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Re: [Orgmode] Re: OT Re: unicorn

From: Carsten Dominik
Subject: Re: [Orgmode] Re: OT Re: unicorn
Date: Sat, 28 Feb 2009 20:35:29 +0100

On Feb 28, 2009, at 7:37 PM, Ross A. Laird wrote:

Carsten Dominik <address@hidden> writes:

Hi Ross,

great post, thank you very much!

You have made me curious:  What argumentation is used to estimate
the age of Myth at 70000 years.  I can't be the fossile record,
I guess :-) So I am wondering how something like this is figured out.

If you feel like putting background stuff about unicorns into the
FAQ, be my guest.

- Carsten

Hi Carsten;

Thanks for the feedback -- and actually, I was wondering if someone
might ask about the 70,000 years. Until recently, the accepted date for
the appearance of human culture -- as evidenced by complex tools and
apparent symbolic thinking -- was somewhere around thirty or forty
thousand years ago (the so-called Willendorf Venus figures, for
example). But this threshold has now doubled back -- to at least seventy thousand before the present. Archaeologists working at the Blombos cave in South Africa have found, among other surprises, finely worked weapons decorated with symbolic engravings -- within a strata older than seventy
thousand years.

So, it seems that humans were thinking in terms of symbols at least
70,000 years ago. And symbols always derive from myths (this is the most
basic rule of myth: symbols indicate myths). So, myths are at least
70,000 years old. By the way, this is not the same as the emergence of
individuality, which is a related but not identical development.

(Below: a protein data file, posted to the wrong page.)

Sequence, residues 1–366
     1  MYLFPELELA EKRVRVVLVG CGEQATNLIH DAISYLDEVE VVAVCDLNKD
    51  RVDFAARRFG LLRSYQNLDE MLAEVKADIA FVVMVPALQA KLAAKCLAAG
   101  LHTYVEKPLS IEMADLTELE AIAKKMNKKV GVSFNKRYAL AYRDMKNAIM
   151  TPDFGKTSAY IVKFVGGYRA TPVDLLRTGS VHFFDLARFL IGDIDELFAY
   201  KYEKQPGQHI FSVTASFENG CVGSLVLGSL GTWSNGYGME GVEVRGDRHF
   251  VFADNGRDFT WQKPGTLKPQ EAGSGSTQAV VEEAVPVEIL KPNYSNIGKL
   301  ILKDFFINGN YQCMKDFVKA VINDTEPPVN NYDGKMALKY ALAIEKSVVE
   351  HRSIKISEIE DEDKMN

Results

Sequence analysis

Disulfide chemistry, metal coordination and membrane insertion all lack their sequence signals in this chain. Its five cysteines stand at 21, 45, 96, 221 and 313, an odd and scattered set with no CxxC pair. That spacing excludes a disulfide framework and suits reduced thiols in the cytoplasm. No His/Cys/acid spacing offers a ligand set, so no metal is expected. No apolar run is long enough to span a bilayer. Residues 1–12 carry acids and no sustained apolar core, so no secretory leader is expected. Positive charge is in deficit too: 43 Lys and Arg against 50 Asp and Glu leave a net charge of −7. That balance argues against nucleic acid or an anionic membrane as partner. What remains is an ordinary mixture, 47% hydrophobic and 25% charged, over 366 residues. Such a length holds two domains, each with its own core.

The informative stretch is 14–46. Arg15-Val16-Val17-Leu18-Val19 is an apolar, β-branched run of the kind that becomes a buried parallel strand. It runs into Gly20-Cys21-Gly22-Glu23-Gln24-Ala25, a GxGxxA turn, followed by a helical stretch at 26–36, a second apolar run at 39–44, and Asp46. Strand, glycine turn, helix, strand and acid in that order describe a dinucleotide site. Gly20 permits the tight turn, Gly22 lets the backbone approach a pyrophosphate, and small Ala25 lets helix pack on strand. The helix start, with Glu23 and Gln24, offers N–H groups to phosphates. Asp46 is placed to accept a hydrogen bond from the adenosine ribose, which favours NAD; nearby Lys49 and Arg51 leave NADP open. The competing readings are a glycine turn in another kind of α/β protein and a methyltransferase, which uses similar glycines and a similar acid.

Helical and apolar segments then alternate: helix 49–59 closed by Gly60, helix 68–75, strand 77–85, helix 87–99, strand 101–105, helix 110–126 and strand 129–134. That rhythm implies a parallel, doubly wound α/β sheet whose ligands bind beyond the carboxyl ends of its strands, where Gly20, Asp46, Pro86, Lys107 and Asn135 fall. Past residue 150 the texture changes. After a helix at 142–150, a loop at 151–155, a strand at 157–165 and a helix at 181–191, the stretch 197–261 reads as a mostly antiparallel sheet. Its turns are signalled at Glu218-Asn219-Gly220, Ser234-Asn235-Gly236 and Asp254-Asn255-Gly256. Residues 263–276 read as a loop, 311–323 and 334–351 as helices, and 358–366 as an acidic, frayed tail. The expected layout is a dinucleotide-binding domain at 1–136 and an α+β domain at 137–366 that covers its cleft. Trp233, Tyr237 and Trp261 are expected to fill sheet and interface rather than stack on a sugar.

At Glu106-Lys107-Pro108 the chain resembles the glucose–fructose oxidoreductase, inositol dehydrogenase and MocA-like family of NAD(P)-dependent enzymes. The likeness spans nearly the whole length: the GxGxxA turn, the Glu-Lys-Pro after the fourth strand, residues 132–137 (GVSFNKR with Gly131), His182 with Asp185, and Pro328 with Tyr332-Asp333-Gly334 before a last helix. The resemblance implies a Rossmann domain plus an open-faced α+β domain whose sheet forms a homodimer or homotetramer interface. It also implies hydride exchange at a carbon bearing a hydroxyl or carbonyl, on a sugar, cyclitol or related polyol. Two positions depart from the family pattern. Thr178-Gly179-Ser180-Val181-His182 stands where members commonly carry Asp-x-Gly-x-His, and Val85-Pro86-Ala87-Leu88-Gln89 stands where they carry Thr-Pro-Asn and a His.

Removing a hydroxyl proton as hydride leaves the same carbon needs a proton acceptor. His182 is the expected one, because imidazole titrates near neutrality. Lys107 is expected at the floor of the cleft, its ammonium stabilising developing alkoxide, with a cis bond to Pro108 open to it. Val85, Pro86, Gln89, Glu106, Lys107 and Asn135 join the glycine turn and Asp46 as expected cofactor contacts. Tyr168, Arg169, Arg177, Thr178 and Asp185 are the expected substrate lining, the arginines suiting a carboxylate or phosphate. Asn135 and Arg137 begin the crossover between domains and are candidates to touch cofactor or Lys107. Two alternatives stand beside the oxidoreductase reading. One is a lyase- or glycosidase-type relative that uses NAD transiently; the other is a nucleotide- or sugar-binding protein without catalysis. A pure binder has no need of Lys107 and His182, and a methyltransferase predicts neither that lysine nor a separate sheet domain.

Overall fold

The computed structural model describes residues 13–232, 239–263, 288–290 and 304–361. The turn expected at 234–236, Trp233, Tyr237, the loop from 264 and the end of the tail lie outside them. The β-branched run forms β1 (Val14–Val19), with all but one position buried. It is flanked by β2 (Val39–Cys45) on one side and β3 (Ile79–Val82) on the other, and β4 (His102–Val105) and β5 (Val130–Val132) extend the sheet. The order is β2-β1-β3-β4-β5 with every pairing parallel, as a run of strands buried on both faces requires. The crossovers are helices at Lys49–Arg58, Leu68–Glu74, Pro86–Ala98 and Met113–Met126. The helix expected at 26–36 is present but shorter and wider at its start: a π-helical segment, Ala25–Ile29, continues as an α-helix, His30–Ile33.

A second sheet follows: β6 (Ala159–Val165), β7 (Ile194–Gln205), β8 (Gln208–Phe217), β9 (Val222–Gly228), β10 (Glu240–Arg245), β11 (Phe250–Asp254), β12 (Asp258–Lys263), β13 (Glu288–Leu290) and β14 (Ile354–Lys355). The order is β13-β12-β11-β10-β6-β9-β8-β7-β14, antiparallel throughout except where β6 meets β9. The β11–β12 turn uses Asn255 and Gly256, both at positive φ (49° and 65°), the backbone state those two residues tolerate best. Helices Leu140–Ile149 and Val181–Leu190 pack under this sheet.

Individuality seems to have taken quite a bit longer: it seems to first
appear with the ancient Egyptians around 3000 BCE. A statue of the
pharaoh Khafre (the owner of the second-largest pyramid at Giza) is the world's oldest surviving individualized work of art. This statue is now
in room 42 of the Cairo Museum. So indeed, the answer to life, the
universe, and everything is 42! (I devoted quite a bit of time to Khafre
in my book on myth; he was a very interesting character who may be the
face on the sphinx; and the sphinx, of course, is of the same
mythological family as the unicorn).

Hi Ross,

I can see how symbols can be related to Myth.  But I am wondering
if the definition of individualism is not very restrictive.

I believe I have read somewhere that decoration or jewelry, personal
ornaments, are a way to detect individuality, and I surely would have
thought that this must pre-date work of art that depicts an
individual - which I think is what you are referring to with Kafre,
I have seen pictures of his face fragment - beautiful (is that in
room 42 as well?)


- Carsten

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